SpaceX Crew Dragon: Launched and docked. Now, about that splashdown...

Champagne remains on ice until Demo-1 is bobbing about in the Atlantic

The colossally delayed first flight of SpaceX's crew Dragon got underway this weekend and stands at the two-thirds successful mark after docking with the International Space Station (ISS).

Lift off

The launch, from the same launch pad that sent Apollo 9 into orbit almost exactly 50 years ago, occurred on schedule at 07:49 UTC on 2 March. The demonstration mission, dubbed Demo-1, carried only a spacesuited instrumented mannequin named "Ripley" and a micro-gravity indicator in the form of a cuddly planet Earth.

While no humans were aboard this time, the spacecraft is nearasdammit the same as the one that will launch a crew later this year, assuming the flight (and the subsequent abort test) don't throw up any unexpected nasties.

The lift-off itself followed the usual Falcon 9 model of launch, land, repeat. The first stage ignited on time at 07:49 UTC, and the 9 Merlin engines carried the stack past the tower, resplendent in fresh black cladding. A far cry from the red structure of the Shuttle and Apollo eras.

The engines cut off as scheduled at the 02:35 mark and the first stage returned to the drone ship Of Course I Still Love You, which is stationed in the Atlantic. The landing marked the 35th successful return for the SpaceX gang. The Crew Dragon separated from the second stage 11 minutes after launch to begin a day-long chase of the ISS prior to SpaceX's first crack at an autonomous docking.

Prior Dragon freighters (and HTV and the former Orbital ATK – now Northrop Grumman - Cygnus spacecraft) have all been berthed by the ISS crew with the aid of the Canadarm2. Russian spacecraft and ESA's ATV, of course, dispense with such frippery.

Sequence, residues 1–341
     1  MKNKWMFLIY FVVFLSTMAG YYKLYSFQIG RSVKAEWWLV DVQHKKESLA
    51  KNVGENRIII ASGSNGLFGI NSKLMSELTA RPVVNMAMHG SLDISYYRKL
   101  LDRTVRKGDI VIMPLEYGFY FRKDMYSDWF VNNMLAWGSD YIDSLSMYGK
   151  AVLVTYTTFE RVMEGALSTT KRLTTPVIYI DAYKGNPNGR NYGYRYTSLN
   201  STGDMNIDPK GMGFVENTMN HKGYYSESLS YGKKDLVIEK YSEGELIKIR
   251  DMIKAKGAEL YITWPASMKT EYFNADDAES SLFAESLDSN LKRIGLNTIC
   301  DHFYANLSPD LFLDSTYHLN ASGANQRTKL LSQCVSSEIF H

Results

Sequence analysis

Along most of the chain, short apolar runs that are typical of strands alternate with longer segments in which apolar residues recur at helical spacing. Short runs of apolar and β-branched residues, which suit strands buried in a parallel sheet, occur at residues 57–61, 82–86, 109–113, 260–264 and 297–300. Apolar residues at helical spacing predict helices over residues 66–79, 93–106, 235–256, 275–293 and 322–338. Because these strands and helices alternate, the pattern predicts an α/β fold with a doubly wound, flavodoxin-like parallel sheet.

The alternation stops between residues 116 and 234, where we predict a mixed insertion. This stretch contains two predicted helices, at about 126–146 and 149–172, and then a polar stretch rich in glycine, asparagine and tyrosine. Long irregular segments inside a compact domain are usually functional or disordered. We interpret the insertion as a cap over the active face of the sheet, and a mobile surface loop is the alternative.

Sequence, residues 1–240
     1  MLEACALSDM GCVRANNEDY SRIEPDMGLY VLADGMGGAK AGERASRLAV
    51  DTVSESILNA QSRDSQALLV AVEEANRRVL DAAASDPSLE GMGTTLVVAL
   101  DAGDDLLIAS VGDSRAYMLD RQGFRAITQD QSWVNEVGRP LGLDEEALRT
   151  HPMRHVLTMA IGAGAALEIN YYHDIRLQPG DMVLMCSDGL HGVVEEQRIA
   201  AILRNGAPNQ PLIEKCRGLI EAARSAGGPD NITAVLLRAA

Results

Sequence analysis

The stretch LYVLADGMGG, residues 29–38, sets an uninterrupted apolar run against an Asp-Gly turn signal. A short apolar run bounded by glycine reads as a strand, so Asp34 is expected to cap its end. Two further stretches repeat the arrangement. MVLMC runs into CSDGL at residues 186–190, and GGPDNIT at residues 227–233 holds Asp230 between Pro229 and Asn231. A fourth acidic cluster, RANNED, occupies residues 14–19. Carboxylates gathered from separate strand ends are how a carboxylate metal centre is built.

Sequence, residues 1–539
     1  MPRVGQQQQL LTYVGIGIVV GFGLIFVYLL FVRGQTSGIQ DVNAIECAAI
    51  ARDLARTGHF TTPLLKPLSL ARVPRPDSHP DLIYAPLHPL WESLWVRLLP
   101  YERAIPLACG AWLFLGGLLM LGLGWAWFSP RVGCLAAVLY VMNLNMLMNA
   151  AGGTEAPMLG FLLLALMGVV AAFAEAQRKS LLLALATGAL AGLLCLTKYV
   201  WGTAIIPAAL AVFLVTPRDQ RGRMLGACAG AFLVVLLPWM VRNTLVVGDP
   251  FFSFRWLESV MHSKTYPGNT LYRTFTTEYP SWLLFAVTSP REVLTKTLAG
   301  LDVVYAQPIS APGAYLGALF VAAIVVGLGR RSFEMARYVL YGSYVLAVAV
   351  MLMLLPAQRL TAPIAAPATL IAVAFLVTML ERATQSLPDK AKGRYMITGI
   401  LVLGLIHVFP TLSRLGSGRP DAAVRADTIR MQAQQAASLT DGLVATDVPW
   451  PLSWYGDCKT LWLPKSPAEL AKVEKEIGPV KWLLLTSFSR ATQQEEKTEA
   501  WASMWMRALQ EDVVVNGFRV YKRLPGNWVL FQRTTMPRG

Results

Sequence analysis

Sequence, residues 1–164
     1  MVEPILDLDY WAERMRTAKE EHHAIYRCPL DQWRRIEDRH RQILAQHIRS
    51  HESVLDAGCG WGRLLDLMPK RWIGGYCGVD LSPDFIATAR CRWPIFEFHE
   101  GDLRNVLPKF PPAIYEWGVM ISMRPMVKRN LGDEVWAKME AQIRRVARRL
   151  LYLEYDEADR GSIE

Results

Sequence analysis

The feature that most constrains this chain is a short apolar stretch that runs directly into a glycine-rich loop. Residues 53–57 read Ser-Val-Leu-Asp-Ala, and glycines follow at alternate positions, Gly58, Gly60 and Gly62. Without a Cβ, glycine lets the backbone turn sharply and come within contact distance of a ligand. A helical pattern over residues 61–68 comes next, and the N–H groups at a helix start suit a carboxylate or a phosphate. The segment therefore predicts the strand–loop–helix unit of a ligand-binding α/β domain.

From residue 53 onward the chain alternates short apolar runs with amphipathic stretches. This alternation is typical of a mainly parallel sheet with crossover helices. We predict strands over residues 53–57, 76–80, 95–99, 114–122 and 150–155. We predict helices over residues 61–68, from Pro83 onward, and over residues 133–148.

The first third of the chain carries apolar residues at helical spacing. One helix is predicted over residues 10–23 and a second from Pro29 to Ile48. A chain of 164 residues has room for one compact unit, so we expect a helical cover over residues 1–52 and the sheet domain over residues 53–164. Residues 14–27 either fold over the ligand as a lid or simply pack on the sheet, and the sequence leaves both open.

Star Trekking to a soft and hard docking

Like Russia and ESA, SpaceX's Crew Dragon does not require the use of the station's arm. The spacecraft instead made its own way to the ISS, something that left NASA's Russian partners a little jumpy in the event of the thing's computer failing.

In the event, the only failure appeared to be with Russian systems aboard the ISS, with a false alarm, unconnected to the arrival of the Crew Dragon, being triggered by the Elektron oxygen generator.

The Crew Dragon is, of course, a very different beast to the freighter that has been in use since 2012. At 4m wide and 8.1m high, the spacecraft is larger than its predecessor. It also lacks the pop-out solar panels of the earlier Dragon, with SpaceX opting to mount the components on the trunk. Another very important difference is the nose cone, which hinges to reveal the NASA Docking System (NDS).

The cargo-only Dragon uses the larger Common Berthing Mechanism (CBM) for docking, which is exposed with the jettison of the nose cone and lacks the flexibility of the NDS.

The NDS, which resembles to the APAS-95 mechanism of the Shuttle era (which itself has roots in the Apollo-Soyuz programme), relies on the International Docking Adapter (IDA), which SpaceX delivered in 2016. There were supposed to be two of the things attached to the ISS by now, but the first was lost when a Falcon 9 went foom in 2015.